Based on a true story: Norwegian winter, early 20th century. On the island Bastoy, located in the Oslo fjord live a group of delinquent, young boys aged 11 to 18. The boys daily, sadistic regime is run by the guards and the principal who bestow both mental and physical abuse on them. Instead of the boys being straightened out with education they end up being used as cheap, manual labor. The boys attempt to survive by adapting to their inhumane conditions. One day a new boy, Erling (17), arrives with his own agenda; how to escape from the island. How far is he willing to go in order to get his freedom?Written by
At the time, this was the most expensive Norwegian film ever made. See more »
The movie grossly exaggerates the size of the lead ship of the Norwegian Navy at the time.
As the boys are trying to escape the island, at about 1 hour 34 minutes, the Battleship "Norge" appears in the fog. The "Norge" was a small 300 ft pre-dreadnought - significantly smaller than modern day Frigate. If one assumes that the men seen on deck, are about 1.7 meters tall, the ship in the movie is more than 3 times as large as the actual "Norge" - comparable to a modern day Aircraft Carrier. See more »
When religious chastity and austerity were considered as a correctional measure...
Based on true events, this one of the most expensive Norwegian (+Swedish, Estonian) film was shot primarily in my home country - thus, apart from a good film experience, I had a joy of recognition vis-a-vis places and actors (although Estonian ones had mute or 1-2 word roles only). Anyway, the Norwegian background and spirit with gloom and misery in a closed penal institution were well captured, and all the leading characters were skillfully elaborated and performed (especially Stellan Skarsgård as Håkon, Benjamin Helstad as Erling "C19", Trond Nilssen as Olav "C1"). Most of the screenplay is focused, however, on the "normal" routine in the establishment, boys versus staff, the rebellion itself and its consequences are shown in a limited time and space (I would have liked to know what happened to the revolting boys, and how the usual living was restored).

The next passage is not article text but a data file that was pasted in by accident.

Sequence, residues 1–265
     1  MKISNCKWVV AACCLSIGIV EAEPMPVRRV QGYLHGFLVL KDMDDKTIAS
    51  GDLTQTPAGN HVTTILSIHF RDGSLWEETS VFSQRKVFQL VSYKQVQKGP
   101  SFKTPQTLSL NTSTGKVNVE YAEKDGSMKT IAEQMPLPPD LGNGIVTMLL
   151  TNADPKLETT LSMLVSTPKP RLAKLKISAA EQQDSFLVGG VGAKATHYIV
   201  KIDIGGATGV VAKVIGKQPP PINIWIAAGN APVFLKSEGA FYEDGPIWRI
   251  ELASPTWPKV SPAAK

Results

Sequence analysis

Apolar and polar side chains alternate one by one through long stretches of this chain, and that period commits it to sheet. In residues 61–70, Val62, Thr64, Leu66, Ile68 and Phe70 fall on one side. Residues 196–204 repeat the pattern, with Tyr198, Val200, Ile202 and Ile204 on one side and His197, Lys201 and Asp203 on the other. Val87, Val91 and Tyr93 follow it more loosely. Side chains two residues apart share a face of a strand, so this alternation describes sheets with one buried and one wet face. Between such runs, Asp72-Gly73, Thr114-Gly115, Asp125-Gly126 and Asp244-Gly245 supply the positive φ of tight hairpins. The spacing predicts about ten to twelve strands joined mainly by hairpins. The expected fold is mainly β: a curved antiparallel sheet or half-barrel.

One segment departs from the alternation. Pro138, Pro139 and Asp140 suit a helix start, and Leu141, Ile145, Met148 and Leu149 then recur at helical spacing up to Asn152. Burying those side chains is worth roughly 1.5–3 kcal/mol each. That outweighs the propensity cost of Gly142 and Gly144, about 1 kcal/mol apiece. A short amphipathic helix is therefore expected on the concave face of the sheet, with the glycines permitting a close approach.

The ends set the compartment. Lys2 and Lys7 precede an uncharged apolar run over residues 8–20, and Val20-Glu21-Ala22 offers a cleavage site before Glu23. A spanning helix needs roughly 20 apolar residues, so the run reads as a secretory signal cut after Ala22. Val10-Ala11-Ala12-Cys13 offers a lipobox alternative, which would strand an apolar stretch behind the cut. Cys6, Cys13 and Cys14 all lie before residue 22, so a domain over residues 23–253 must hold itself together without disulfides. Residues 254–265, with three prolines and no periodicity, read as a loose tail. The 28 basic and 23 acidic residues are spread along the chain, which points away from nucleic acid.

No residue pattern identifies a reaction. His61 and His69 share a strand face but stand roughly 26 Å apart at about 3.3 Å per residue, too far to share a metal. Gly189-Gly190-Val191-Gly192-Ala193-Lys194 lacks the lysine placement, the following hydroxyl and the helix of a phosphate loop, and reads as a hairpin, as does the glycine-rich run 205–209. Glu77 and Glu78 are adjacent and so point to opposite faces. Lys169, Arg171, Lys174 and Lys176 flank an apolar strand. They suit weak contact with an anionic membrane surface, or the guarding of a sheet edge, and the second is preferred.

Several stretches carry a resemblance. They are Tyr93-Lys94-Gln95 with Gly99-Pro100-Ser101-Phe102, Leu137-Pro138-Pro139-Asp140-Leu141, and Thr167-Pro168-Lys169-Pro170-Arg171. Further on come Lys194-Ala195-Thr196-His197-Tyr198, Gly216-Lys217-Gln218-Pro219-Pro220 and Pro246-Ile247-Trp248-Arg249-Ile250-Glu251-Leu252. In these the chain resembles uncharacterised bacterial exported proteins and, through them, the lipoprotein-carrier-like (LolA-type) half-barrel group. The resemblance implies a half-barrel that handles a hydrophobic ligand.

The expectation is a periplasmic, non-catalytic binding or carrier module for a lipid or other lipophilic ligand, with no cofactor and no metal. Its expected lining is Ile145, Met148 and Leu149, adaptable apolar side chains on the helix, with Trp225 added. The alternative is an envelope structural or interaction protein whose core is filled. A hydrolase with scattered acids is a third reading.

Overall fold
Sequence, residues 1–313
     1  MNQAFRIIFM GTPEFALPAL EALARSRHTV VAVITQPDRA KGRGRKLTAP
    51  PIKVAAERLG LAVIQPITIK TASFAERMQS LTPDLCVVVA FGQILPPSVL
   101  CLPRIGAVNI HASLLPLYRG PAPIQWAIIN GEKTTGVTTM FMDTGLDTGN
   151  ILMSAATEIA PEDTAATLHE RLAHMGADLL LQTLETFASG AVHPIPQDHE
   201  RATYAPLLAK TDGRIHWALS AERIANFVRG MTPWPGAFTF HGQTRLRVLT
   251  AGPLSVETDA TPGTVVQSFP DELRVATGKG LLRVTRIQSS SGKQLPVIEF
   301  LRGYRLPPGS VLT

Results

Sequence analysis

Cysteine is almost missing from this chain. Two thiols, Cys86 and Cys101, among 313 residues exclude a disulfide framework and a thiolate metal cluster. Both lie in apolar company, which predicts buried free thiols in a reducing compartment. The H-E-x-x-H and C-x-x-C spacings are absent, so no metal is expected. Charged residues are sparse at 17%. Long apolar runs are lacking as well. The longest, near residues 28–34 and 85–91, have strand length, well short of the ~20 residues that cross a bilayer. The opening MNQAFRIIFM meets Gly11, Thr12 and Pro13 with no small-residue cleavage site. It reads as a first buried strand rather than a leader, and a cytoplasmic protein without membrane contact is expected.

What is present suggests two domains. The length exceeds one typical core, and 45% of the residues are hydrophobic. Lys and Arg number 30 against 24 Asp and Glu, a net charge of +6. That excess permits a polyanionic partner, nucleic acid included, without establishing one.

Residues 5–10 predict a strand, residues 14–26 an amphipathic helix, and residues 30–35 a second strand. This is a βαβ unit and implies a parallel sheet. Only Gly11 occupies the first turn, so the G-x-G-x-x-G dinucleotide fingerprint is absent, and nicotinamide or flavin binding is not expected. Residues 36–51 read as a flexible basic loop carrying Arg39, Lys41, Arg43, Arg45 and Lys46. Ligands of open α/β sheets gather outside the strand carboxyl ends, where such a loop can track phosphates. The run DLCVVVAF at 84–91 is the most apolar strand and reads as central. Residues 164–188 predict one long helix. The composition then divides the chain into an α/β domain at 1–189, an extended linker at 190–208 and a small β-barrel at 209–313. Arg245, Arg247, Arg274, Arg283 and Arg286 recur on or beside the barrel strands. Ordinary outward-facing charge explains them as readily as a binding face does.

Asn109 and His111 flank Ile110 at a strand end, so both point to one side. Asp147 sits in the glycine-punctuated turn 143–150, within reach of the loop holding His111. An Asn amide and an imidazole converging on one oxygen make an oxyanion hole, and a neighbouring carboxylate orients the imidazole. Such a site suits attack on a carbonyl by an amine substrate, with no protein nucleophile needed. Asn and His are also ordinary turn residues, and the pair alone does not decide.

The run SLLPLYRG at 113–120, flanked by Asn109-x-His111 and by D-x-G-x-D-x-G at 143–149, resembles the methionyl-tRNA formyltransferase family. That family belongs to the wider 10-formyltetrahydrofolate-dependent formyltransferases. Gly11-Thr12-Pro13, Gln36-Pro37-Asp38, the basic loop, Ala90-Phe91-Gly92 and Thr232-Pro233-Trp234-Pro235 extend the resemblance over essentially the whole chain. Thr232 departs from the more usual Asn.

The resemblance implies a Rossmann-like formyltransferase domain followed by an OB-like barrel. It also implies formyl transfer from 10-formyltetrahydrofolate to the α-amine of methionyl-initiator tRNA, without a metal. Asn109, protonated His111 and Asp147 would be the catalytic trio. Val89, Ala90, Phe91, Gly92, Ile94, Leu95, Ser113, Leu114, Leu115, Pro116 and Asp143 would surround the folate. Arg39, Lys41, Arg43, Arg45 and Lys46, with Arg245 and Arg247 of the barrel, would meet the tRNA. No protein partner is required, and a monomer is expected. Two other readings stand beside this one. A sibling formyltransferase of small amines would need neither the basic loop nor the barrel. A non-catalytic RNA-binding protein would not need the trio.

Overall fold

Nevertheless, Kongen av Bastøy is a strong drama, giving food for thought long after the credits disappear.
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